One way that ADHD shows up is in deficits in self-awareness. In other words, people
with ADHD move through life, but can’t clearly see the effects of their behaviors and decisions.
I first became aware of this ADHD challenge when I was helping a client clear clutter in her classroom. As I worked my way around the room creating order, she was working her way around creating new clutter. When I paused and saw what was going on, I pointed it out to her. She looked around and was totally baffled to see what she’d done. She was totally unaware that as she worked she was creating more clutter. Very often when I ask ADHD clients how their space got to be so cluttered they honestly answer, “I don’t know.”
When a person has good self-awareness, they are able to observe their behavior as they move through life. People with ADHD have busy brains, so much going on in their heads that paying attention to their behavior and how it’s affecting their lives and the lives of others doesn’t make it onto their radar very well.
In ADHD coaching, I partner with clients to help them learn how to be more self-aware. Together we look at situations and challenge areas and create awareness of habits and behaviors that affect outcomes. With practice over time, made possible by weekly coaching sessions, clients become more adept at observing themselves and what they are doing so they can better avoid problems and make progress to achieve their goals.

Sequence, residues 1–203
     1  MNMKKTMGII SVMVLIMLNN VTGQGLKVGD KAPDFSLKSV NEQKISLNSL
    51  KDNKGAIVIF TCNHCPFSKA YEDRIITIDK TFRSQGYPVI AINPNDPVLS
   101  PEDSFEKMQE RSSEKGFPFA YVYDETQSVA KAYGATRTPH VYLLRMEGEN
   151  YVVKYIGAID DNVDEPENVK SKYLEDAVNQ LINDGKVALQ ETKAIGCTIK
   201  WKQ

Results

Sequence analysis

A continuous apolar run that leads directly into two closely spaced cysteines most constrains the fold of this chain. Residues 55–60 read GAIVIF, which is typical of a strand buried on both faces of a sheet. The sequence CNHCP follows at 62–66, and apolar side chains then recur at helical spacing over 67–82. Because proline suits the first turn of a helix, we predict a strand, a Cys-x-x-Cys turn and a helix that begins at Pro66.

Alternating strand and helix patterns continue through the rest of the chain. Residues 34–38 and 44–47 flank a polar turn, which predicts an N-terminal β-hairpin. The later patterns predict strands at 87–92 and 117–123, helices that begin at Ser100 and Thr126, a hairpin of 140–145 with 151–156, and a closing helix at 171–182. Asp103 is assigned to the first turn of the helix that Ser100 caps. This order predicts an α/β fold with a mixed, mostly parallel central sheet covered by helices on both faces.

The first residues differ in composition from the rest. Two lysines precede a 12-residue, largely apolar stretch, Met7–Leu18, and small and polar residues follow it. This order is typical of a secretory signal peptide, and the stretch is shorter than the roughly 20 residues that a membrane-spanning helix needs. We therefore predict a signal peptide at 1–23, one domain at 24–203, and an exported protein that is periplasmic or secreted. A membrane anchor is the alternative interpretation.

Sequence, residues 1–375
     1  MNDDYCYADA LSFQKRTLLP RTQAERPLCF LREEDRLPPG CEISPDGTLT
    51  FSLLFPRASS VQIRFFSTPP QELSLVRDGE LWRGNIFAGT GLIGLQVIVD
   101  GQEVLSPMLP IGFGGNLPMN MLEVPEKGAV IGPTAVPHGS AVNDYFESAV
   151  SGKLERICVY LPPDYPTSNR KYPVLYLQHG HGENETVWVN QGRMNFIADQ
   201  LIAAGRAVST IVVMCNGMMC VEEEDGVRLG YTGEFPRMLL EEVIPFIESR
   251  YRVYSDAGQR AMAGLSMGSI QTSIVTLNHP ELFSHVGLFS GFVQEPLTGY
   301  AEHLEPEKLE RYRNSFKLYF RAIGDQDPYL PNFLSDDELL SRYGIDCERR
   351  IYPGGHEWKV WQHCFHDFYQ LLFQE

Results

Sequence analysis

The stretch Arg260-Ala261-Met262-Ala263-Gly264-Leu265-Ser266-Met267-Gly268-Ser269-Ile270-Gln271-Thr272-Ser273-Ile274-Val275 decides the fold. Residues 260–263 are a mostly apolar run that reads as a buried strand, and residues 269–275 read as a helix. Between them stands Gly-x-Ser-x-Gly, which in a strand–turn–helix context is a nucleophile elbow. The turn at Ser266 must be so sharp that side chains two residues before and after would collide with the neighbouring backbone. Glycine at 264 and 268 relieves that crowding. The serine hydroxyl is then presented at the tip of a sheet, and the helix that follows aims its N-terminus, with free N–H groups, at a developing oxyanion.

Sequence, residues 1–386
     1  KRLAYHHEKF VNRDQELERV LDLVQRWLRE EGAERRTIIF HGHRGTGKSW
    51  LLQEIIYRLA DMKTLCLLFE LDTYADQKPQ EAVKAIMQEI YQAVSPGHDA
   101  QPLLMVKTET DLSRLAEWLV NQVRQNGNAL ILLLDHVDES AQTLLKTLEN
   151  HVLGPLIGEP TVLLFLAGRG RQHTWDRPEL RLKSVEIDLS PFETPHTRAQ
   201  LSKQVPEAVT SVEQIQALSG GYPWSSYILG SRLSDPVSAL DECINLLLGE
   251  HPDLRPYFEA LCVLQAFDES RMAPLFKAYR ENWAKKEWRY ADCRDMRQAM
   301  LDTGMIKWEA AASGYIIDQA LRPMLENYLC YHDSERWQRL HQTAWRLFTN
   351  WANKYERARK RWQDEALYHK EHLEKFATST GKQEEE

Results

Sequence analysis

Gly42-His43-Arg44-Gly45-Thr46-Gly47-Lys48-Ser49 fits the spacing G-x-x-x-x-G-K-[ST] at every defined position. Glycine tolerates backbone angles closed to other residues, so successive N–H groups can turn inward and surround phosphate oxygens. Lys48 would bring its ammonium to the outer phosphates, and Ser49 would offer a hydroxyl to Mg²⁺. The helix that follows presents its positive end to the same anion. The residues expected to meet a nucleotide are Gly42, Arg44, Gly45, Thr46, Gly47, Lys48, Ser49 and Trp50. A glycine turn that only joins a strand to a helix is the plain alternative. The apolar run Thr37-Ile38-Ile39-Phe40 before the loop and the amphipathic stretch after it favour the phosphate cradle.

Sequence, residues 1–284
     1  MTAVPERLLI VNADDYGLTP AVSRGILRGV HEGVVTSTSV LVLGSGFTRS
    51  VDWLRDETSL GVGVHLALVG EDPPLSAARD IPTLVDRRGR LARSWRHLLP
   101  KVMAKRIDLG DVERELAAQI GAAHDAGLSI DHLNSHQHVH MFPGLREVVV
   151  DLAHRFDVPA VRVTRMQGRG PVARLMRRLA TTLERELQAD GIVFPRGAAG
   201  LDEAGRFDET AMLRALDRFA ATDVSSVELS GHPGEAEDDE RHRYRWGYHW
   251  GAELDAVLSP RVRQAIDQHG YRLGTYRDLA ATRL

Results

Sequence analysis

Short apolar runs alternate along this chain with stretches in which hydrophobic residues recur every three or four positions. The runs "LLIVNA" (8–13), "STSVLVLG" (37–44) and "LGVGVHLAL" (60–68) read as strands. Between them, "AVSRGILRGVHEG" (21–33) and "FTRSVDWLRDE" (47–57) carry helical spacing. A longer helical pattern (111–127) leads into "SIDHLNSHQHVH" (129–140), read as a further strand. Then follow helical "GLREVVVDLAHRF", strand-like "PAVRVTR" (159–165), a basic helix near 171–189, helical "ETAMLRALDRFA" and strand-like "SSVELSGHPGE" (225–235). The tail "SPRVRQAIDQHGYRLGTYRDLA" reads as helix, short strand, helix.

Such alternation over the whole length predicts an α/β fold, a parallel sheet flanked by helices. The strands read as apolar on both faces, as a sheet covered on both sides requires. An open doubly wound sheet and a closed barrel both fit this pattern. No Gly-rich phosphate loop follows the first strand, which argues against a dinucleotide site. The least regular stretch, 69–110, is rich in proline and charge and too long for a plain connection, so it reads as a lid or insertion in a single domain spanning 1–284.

Got ADHD? Got clutter? A good first step is to create awareness of what you are doing that creates clutter. Watch yourself as you move through your day. What are you doing that creates clutter? Not putting things away immediately? Not cleaning up after yourself? Not hanging up your clothes? What are you thinking when you decide not to put things away immediately?
What are you doing that prevents clutter? Are you sorting mail every day over your recycling bin to get rid of as much unnecessary paper as possible? Are you taking a few extra seconds every evening to hang up clothes you wore that day? With awareness of how you create clutter you can then plan strategies to prevent clutter.
If you find you can’t create awareness on your own or make necessary changes to prevent and clear clutter, email me to schedule a free 30 minute consultation to learn more about how ADHD coaching can help you address your clutter challenges.